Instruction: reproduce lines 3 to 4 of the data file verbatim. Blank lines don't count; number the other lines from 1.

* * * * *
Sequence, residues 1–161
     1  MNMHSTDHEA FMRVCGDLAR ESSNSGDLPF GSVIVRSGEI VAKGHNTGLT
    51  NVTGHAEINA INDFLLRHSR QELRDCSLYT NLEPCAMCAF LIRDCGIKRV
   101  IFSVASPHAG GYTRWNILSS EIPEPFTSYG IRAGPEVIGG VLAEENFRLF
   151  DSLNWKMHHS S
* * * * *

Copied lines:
    51  NVTGHAEINA INDFLLRHSR QELRDCSLYT NLEPCAMCAF LIRDCGIKRV
   101  IFSVASPHAG GYTRWNILSS EIPEPFTSYG IRAGPEVIGG VLAEENFRLF